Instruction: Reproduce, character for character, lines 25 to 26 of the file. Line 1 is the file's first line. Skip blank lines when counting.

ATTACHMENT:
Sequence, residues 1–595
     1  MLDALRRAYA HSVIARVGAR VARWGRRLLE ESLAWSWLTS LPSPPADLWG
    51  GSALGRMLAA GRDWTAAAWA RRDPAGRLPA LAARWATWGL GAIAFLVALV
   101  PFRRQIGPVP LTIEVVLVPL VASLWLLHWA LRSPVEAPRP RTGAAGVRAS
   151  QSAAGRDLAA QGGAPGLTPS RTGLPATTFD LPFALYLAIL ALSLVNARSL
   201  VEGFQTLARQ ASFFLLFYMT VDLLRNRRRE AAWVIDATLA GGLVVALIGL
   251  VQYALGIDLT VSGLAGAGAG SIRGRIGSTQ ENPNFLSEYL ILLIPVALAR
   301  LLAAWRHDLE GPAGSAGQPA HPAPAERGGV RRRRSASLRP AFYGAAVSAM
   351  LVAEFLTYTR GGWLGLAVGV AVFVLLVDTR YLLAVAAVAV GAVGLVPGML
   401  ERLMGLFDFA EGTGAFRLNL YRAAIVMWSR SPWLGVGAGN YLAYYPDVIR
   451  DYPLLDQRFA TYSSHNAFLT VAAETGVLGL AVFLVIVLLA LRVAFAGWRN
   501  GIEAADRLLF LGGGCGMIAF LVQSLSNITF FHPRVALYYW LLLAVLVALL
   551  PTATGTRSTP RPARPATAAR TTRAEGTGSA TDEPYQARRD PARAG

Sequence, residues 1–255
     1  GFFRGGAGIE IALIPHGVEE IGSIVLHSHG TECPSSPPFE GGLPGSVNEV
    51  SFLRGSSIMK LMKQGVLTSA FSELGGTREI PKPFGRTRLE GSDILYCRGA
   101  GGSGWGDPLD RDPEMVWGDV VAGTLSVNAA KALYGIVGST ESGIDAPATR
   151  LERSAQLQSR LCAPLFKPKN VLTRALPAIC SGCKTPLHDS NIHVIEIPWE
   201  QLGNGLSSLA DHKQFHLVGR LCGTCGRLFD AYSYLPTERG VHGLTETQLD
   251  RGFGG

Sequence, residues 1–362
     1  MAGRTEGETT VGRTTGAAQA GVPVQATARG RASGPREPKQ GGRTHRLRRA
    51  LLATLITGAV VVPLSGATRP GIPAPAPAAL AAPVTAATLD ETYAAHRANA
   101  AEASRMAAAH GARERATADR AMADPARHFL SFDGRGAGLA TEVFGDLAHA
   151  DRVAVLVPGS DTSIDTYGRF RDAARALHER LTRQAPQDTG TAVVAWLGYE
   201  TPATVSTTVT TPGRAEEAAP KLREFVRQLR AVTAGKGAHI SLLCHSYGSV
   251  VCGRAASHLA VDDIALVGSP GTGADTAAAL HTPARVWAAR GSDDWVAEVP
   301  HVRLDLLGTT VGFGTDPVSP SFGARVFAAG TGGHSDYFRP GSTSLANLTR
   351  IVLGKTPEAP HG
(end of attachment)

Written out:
   151  DRVAVLVPGS DTSIDTYGRF RDAARALHER LTRQAPQDTG TAVVAWLGYE
   201  TPATVSTTVT TPGRAEEAAP KLREFVRQLR AVTAGKGAHI SLLCHSYGSV